In the story "A Rose for Emily," what does Emily's father's potrait represent?

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M.P. Ossa eNotes educator| Certified Educator

We get a good glimpse of both Emily and her father in chapter 2, paragraph 25 of the story A Rose for Emily, by William Faulkner. It reads,

...Miss Emily a slender figure in white in the background, her father a spraddled silhouette in the foreground, his back to her and clutching a horsewhip, the two of them framed by the back-flung front door

This description is important first because it describes the Griersons physically back when they were a well-to-do and stable family. Second, the description aids in understanding the influence that Emily's father exerted over her.

Here we see a small and seemingly-feeble young lady at the mercy of a big, controlling man. The phrase "clutching a whip" is allegorical to the power that he had over Emily's life. As we know, he would not allow Emily to accept any gentlemen callers because none of them were good enough, in his opinion. So strong was the dominance of Emily's father that she could not even accept his death even three days after the fact.

However, what is most interesting is that the townsfolk narrator agrees in that, once Mr. Grierson died, Emily began to spiral down because she had suddenly become a nobody.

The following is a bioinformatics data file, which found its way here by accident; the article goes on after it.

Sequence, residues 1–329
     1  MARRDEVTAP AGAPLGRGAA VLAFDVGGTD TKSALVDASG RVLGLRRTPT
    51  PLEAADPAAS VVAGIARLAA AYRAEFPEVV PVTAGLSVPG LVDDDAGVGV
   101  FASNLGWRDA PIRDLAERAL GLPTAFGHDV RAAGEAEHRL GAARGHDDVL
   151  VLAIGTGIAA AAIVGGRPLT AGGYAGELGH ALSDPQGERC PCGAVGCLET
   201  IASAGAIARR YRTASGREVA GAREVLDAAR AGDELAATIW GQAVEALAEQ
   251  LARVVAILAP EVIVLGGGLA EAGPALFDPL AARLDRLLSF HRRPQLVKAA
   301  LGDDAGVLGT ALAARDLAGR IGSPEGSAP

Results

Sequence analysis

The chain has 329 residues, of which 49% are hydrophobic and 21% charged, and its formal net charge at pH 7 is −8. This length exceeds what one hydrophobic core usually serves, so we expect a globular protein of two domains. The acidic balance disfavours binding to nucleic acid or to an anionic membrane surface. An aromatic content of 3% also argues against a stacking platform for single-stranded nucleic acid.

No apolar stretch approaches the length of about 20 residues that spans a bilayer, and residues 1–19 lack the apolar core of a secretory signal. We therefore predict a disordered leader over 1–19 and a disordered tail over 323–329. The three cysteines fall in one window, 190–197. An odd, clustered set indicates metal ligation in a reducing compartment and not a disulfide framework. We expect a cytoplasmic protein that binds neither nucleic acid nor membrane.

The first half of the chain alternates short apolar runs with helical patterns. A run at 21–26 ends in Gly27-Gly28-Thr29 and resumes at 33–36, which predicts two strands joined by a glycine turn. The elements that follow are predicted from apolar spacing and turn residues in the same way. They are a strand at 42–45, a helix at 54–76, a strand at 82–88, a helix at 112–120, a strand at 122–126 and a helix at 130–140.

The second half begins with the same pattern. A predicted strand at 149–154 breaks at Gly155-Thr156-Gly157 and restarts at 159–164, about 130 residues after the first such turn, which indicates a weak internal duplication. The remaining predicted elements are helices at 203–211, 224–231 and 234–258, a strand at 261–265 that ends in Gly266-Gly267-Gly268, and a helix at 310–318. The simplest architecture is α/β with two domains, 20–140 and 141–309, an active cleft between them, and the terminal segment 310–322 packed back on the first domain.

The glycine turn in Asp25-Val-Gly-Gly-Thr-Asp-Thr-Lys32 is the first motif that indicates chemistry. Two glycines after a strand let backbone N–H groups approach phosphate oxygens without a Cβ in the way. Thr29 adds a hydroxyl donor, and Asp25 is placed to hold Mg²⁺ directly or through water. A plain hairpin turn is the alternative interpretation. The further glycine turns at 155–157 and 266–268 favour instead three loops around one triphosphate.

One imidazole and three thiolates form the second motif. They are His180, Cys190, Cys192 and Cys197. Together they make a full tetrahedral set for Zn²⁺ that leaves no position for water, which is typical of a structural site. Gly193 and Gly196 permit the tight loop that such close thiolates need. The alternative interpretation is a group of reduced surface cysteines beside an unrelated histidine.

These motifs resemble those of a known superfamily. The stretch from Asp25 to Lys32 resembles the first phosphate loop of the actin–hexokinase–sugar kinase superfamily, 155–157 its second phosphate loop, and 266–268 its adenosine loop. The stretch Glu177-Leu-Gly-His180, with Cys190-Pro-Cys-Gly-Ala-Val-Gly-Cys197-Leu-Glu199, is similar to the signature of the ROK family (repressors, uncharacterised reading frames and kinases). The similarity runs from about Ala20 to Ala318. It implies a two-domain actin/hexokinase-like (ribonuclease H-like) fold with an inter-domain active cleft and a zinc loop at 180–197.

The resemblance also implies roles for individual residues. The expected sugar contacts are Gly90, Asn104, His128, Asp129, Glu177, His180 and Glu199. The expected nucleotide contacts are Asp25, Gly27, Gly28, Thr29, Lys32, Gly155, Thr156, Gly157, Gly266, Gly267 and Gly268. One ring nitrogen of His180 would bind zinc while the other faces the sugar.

When her father died, it got about that the house was all that was left to her; and in a way, people were glad. At last they could pity Miss Emily. Being left alone, and a pauper, she had become humanized.

To say that Emily became "humanized" after her father's death is a big deal. It is a basic statement that declares how remote her father had made her. Therefore, we can conclude that the general consensus was that Miss Emily was absorbed both physically and mentally by her father to the point of losing herself, and possibly her sanity, as a result of her father.

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A Rose for Emily

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